Most drivers try to operate their vehicles in a safe manner. When there are serious traffic violations that occur, there is a good chance that your driver's license will be suspended. The length of time that your license is suspended depends on the offense that occurs.
Some driver's license suspensions are relatively short. For example, if you have speeding and reckless driving in the same incident, your license could be suspended for 60 days. A 60-day suspension is also possible for speeding in excess of 55 miles-per-hour and going at least 15 MPH over the speed limit for the second time. The first incident of that offense is a 30-day suspension.
Other offenses have longer suspensions. For example, getting your license under false pretenses is a 1-year suspension. Willfully racing another vehicle or betting on, watching, or loaning a vehicle for willful racing can all lead to a 3-year suspension. In addition, your vehicle could be seized for these racing offenses.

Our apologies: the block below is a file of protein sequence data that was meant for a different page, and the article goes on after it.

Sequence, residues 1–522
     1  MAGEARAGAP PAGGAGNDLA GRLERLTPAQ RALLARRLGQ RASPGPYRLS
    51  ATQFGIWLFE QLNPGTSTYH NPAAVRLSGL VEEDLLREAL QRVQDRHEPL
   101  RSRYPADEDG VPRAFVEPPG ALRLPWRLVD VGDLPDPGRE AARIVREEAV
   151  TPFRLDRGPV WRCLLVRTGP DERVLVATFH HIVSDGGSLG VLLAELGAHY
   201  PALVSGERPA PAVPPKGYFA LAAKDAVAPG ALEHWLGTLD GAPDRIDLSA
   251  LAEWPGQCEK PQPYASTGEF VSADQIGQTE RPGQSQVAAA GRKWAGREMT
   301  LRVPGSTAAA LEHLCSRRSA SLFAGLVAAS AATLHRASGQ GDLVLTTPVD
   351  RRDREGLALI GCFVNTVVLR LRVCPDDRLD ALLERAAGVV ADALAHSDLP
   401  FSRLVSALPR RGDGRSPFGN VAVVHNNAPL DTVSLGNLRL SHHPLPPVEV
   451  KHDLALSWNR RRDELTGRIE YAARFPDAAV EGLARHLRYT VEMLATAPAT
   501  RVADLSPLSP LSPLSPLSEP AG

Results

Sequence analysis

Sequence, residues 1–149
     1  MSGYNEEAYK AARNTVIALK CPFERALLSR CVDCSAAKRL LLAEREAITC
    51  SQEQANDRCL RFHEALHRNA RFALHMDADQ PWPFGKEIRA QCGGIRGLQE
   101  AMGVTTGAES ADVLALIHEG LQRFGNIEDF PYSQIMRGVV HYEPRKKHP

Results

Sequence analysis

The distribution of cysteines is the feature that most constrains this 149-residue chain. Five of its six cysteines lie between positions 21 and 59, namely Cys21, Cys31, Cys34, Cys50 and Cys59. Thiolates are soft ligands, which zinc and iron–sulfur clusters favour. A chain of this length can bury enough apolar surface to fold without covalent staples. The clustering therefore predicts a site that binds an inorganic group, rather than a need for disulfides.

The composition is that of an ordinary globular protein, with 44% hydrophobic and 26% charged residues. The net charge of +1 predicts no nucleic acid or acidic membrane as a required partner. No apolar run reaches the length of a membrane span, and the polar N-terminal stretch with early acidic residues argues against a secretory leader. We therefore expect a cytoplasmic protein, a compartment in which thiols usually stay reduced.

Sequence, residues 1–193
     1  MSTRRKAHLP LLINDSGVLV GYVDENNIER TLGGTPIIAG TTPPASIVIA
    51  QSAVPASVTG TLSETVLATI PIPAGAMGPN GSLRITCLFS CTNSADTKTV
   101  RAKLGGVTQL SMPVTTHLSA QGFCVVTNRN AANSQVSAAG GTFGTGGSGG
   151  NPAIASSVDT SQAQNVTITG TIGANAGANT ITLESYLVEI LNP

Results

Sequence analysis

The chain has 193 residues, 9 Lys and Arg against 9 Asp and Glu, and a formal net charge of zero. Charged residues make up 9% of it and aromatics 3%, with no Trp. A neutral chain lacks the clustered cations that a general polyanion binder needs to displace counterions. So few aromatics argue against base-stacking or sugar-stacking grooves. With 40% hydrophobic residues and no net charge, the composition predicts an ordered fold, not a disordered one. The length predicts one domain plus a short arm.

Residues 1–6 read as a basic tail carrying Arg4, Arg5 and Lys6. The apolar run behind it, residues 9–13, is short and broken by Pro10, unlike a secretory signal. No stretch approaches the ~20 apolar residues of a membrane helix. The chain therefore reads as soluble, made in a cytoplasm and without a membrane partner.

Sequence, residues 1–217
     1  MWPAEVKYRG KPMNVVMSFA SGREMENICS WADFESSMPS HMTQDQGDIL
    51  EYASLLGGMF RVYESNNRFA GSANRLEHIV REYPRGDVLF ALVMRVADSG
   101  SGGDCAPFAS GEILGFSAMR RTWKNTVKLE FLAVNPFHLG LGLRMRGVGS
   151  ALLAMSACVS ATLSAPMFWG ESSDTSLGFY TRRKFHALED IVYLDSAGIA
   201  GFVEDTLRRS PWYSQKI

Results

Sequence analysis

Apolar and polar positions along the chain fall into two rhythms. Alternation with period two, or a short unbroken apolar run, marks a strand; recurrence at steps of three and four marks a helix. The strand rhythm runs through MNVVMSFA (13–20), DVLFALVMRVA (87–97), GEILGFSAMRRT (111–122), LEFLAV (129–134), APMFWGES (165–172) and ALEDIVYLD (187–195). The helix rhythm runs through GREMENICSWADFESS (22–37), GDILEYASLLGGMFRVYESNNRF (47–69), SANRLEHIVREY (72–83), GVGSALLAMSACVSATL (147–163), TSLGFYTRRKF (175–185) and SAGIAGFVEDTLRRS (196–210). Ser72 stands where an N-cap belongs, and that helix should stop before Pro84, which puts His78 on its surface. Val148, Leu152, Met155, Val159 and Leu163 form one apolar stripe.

If you don't submit to a blood or breath test, or have two charges of reckless driving in a 12-month period, you face a 1-year suspension. If you are found guilty of misdemeanor death by vehicle, that is a 1-year suspension.
Some offenses have a permanent suspension. These include driving while impaired for a third offense or being convicted of felony death by vehicle.
If you are facing any of these offenses, you need to learn about your options for fighting them. In some cases, license suspensions might be able to be challenged by hearing. If you have a hearing and don't agree with the outcome, you might opt to appeal.
Source: North Carolina Division of Motor Vehicles, "Driver Improvement Clinics," accessed Oct. 28, 2016